TBWA\Paris Gives You Parkinson's Disease Like You've Never Seen It

An approach that strikes a chord

We're sometimes struck by how TBWA\Paris can go from childlike and surreal to poignant without ever distracting us from the insight at the heart of their stories. This is the first thing we thought when we saw its latest work for France Parkinson, an organizaton dedicated to fighting Parkinson's disease.

Most of what we know about Parkinson's can be summed up by having grown up alongside the rise, fall and steady revival of the career of actor Michael J. Fox, who's combatted the disease for the last 31 years. But in France specifically, one adult in 250 live with the disease, though just 16 percent of French people are aware of its prevalence; 83 percent consider it rare, though it is the second-highest neurodegenerative disease after Alzheimer's worldwide.

TBWA's goal was to use interpretive dance to expose this "most unknown of all known diseases." The work is directed by Norman Bates.


La Chica's "Oasis" is a nice choice of track. Its gentle lilting provides a lot for the dancers to play with, but the mere concept of an oasis feels like something from which the main character is drifting—the oasis of her own body, interrupted by an invisible dance partner who acts on her like a malevolent puppeteer.

The relationship begins subtly. The woman dances alone before finding she is not quite alone anymore. And as the dance progresses, her new partner becomes more aggressive, pulling her out of alignment with the sense of tacit trust she has in her ability to manage her movements.

It's hard not to watch this and not think of an abusive relationship. But the insidious force imposing control on your movements is inside you, maybe even part of you. It feels like betrayal. And it feels exhausting.

"In France, 200,000 people have to share their lives with Parkinson's," the ad concludes, followed by a call to donate.

In addition to being a poetic choice, there were a number of practical reasons to use dance as the medium to change our sensibilities about Parkinson's disease. One is the belief (among 77 percent of the French population) that the most common symptom is tremors, but the symptoms are far more diverse. Knowing this is critical; focusing on tremors specifically results in people belittling manifestations of the disease among older sufferers.

Slow motion affects nearly 99 percent of patients, though it was cited by just 34 percent of respondents to France Parkinson's Opinion Way survey with AAPlus this year. Some 85 percent of patients experience stiffness, and 40 percent of respondents observe symptoms that tend to be more associated with Alzheimer's than Parkinson's, like disorientation in time and space, and loss of memory. 

It's hard to remember all this if it doesn't feel immediately relevant, which makes the choice of interpretive dance so smart. Sensations of stiffness come to mind when you watch the woman struggling to move across the floor while "Parkinson's" clutches at her ankles, resisting her with full bodily weight. The moments when he seizes her hands, rendering her movements sluggish and imprecise, leave strong imprints that may come to mind when evidence of slow motion appears in a loved one.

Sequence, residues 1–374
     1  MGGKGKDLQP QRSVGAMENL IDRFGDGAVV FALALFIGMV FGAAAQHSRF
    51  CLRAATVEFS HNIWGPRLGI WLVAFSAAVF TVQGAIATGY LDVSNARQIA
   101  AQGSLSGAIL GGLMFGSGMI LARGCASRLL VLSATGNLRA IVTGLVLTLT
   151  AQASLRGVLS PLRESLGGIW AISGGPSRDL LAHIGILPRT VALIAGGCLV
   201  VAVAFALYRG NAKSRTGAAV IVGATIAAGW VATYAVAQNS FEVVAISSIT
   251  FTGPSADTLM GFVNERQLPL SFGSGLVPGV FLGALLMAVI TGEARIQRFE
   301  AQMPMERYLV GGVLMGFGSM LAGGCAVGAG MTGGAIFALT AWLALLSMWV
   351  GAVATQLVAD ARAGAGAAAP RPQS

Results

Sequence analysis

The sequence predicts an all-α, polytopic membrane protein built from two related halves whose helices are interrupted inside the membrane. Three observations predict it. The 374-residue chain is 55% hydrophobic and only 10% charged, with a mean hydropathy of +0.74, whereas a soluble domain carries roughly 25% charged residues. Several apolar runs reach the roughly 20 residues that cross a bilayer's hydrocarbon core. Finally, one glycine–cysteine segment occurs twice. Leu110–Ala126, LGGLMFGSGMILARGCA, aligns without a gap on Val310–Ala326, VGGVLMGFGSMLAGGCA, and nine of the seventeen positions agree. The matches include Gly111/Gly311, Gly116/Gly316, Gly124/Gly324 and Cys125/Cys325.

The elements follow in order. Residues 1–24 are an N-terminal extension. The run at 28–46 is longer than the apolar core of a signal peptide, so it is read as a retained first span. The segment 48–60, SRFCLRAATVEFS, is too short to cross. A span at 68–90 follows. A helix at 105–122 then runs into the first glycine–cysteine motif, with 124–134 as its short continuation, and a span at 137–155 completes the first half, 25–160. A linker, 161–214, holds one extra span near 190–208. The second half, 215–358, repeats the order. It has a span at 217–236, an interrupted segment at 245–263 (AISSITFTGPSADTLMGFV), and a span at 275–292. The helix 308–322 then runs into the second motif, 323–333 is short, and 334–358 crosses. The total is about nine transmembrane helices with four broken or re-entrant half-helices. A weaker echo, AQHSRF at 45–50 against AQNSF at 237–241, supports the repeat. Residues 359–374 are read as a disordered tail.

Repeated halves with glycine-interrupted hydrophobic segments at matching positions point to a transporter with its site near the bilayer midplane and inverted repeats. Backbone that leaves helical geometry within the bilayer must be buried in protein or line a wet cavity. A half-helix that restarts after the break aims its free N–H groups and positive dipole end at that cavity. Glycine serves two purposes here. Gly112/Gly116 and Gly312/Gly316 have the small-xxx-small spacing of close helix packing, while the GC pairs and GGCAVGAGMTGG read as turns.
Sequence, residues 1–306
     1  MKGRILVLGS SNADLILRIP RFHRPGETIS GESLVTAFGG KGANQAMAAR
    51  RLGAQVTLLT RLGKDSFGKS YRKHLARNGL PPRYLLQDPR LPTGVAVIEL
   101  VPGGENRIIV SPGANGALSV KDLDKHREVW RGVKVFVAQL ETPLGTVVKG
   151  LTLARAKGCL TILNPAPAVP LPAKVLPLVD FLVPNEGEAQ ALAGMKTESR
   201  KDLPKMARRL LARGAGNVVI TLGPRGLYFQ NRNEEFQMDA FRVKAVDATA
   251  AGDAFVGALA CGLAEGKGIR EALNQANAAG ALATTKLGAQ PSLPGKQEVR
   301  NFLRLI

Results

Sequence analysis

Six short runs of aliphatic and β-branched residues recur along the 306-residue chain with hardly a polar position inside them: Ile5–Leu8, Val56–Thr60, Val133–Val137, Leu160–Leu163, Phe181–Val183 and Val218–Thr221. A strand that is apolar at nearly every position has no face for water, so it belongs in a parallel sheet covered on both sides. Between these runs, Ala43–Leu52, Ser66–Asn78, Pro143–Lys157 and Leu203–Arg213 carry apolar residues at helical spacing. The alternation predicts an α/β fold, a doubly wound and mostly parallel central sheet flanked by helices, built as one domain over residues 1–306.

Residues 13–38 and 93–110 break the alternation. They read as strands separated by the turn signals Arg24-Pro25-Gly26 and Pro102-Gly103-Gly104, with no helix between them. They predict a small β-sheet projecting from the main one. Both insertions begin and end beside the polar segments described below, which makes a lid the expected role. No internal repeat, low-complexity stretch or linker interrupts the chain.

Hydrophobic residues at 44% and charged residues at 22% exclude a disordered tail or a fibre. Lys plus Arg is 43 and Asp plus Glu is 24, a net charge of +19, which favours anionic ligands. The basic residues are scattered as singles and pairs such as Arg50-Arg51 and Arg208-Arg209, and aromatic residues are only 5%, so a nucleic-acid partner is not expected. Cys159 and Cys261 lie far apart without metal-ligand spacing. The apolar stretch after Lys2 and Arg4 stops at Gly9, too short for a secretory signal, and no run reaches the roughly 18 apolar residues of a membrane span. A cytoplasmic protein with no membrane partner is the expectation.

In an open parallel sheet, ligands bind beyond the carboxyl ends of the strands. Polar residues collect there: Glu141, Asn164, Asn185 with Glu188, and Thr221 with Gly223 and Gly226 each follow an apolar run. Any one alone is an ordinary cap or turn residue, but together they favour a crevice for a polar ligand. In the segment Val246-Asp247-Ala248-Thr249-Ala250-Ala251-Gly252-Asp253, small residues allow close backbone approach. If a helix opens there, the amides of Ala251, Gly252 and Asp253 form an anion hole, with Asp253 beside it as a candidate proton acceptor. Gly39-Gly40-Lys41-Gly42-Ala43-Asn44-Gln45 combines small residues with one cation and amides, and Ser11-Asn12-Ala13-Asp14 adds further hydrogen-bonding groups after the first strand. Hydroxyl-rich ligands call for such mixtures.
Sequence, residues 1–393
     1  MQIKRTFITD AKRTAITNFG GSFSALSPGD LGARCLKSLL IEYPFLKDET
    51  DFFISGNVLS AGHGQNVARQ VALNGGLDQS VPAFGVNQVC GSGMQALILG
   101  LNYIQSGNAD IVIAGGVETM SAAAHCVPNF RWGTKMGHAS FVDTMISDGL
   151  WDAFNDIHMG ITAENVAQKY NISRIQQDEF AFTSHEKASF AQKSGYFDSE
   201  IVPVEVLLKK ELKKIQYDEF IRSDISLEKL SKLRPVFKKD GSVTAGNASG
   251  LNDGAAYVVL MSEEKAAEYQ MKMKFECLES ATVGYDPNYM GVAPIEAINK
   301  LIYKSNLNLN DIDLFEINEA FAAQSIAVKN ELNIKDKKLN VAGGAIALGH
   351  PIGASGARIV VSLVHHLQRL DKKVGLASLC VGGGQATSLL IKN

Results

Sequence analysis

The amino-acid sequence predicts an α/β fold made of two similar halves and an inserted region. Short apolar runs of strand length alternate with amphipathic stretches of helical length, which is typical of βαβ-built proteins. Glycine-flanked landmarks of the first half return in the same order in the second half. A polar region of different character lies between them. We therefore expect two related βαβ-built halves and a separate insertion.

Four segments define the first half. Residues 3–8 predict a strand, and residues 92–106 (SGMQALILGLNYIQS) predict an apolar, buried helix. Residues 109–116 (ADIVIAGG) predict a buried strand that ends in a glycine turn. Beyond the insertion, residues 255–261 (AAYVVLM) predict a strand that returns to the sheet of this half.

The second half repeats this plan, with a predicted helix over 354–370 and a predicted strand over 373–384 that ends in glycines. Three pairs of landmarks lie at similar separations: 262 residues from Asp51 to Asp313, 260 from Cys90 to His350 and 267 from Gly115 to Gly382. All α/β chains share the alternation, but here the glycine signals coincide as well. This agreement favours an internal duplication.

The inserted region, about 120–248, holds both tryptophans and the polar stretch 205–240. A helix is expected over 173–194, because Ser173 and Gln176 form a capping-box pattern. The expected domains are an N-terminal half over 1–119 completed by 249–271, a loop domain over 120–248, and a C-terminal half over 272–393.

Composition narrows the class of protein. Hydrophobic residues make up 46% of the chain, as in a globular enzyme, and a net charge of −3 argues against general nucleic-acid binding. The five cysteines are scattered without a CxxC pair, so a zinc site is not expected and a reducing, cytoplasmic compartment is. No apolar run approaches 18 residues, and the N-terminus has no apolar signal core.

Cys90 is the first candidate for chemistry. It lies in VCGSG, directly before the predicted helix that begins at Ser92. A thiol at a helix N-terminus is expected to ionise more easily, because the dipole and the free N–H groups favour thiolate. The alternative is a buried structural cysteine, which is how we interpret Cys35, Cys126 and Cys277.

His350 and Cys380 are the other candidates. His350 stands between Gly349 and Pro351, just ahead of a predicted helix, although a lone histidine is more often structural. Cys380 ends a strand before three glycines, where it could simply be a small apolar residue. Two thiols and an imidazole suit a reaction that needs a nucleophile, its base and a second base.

As for the similarities between Parkinson's and Alzheimer's … the way this work entered us reminded us of The Caretaker's "Everywhere at the End of Time" project from 2019. The six-and-a-half-hour continuous album is designed to reflect the six stages of Alzheimer's. It is alternately nostalgic and terrifying at different intervals, sometimes one after the other, both for reasons that are hard to cohesively grasp.

These moments, when a work turns abstract knowledge into sensory body-knowledge, creates an ability to relate to the unknown that doesn't quite happen when you're just being told a sad story, then asked to open your wallet. They teach us something of what it might feel like to lose cherished functions we take for granted. 


Client : France Parkinson
Agency : TBWA\Paris 
Client Managers : Aurélie CAMM CHAPEL & Amandine LAGARDE & Didier ROBILLARD & Valentin RIBERA
Agency Managers : Jonathan SEROG, Julia MONTAGU, Nina FERNANDES
Executive Creative Directors : Benjamin MARCHAL & Faustin CLAVERIE (who gave us this unforgettably weird interview)
Art Directors : Morgane ALEXANDRE & Sébastien SKRZYPCZAK 
Strategic Planner : Léa RIVOIRE
Head of Production : Maxime BOIRON
TV Prod : Amer ZOGHBI
Production : BADASS FILMS
Producer : Blaise IZARD
Head of Production : Manuel HENOQUE
Director : Norman BATES
Post Prod : \Else
Post Producer : Éléonore GIRARD
Soundtrack : \Else
Head of Music & Sound : Olivier LEFEBVRE
Sound Director : Ambroise CABRY
Music Art Director : Ferdinand HUET 
Music Credits : "OASIS" La Chica

Angela Natividad
Angela Natividad is the European markets editor at Muse by Clio. She also writes about gaming and fashion, and whatever else she's interested in, really. She's based in Paris and North Italy, so if you're local, say hi. She might eat all your food.

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